The state should increase technology flexibility for instruction, particularly by certifying high quality digital instructional programs as well as teachers. The sophistication of digital learning programs has the capability of dramatically improving the range of curriculum options for rural schools. They are there for the using, but for New York State’s outdated laws requiring all courses to be taught, rather than supervised by a New York State certified teacher.
Digital Learning Programs that have been certified as effective by the state must be allowed to be offered, with proper supervision. In addition, there is a need for greater access and authority for digital learning opportunities, as well as greater community access to broadband (to ensure student access for homework purposes.) Federal E-Rate, Smart Schools Bond Act and Governor Cuomo’s suggested private-public partnership funding (intended to improve broadband access) provide a unique opportunity. Technology Equity must ensure that all students have access to learning opportunities. For those students without the ability to pay for personal devices, the state should provide funding either for the devices themselves or afterschool access to devices in school. New York State should maximize the likelihood of these combined sources leading to universal broadband access in order to coordinate the provision of greater educational opportunities.
5. STRUCTURAL FLEXIBILITY
In an era of insufficient resources, structural flexibility becomes the key to maintaining educational effectiveness. Collectively, the following changes would have a dramatic impact on rural education.
A. Rural schools need the authority to facilitate college credit collaboration. Districts should be able to join in this effort without it raising either financial or staffing issues. Students need equitable access to dual enrollment programs, minimizing the financial impact of college on impoverished families and encouraging study beyond high school.
B. Similarly, schools need to be able to tuition high school students to other high schools without it raising collective bargaining issues. Rural schools simply can’t afford to limit course offerings when they could be offered through sharing of staff between districts.
C. Schools need the community option of regional high schools and magnet schools for art, or math and science to be shared between districts. Regional high schools have been a successful (even the traditional) model in many other states for over a generation. New York’s lack of regional high schools as an educational construct severely limits the educational opportunities of our state’s rural students. Districts need the local option of sharing a high school or a concentration of high school subjects offered at a shared location.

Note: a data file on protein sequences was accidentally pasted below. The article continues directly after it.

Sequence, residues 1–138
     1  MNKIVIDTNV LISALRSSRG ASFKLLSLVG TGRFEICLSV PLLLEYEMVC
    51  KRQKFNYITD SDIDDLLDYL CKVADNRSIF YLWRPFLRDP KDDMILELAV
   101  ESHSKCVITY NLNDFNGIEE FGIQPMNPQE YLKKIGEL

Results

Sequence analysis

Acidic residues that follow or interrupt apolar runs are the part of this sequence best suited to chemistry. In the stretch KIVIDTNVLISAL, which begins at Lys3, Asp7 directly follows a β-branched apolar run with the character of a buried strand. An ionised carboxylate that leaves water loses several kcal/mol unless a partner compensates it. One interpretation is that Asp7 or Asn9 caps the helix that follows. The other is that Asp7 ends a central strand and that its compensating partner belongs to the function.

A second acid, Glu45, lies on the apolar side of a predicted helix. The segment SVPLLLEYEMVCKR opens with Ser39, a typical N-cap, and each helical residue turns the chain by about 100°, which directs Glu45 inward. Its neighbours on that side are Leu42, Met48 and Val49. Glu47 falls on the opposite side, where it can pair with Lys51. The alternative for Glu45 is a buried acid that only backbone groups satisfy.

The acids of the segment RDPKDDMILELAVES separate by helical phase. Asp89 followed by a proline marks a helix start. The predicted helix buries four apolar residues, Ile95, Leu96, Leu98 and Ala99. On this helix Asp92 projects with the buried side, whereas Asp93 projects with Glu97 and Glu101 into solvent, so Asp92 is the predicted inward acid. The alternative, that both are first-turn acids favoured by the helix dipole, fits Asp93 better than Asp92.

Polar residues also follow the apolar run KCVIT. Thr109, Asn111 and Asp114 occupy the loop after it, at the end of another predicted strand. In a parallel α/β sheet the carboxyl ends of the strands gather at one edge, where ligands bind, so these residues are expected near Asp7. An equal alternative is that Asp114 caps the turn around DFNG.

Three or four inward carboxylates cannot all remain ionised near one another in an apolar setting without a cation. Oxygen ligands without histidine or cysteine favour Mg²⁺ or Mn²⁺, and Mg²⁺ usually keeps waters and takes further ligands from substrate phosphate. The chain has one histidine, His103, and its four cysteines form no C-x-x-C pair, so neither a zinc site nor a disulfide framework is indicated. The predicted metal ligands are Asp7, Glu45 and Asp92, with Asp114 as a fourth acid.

D. Rural schools need expanded learning time (longer school day or year) and the funding to support it. With issues of teen pregnancy, drug and alcohol abuse at rates similar to inner cities and with cultural and extra- curricular activities severely limited, one of the most effective ways to improve rural education would be to expand the school day and year. Afterschool and summer programming would provide educational context, expand cultural awareness and decrease social issues associated with idle, unsupervised time for students. For rural schools, expanded learning time is not merely a financial consideration, but must be supported by partners that are often absent from rural communities. As such, partnerships with county and higher educational partners should be expanded. These opportunities must be supported by state transportation aid, as school provided transportation is central to the ability of rural students to attend programming of any kind. Simply put, the difference between rural students and their suburban counterparts is often the availability of social and cultural opportunities offered outside of the classroom. Expansion of these opportunities would provide tremendous educational benefits (through providing a context in which to apply content knowledge) as well as retard negative social influences that impair student success.
E. The reimbursement limit on CTE teachers employed regionally by BOCES must be raised to allow schools to collectively employ these critically important positions. There is no program of greater importance in rural areas and no program with a greater likelihood of sustaining rural employment and developing rural communities.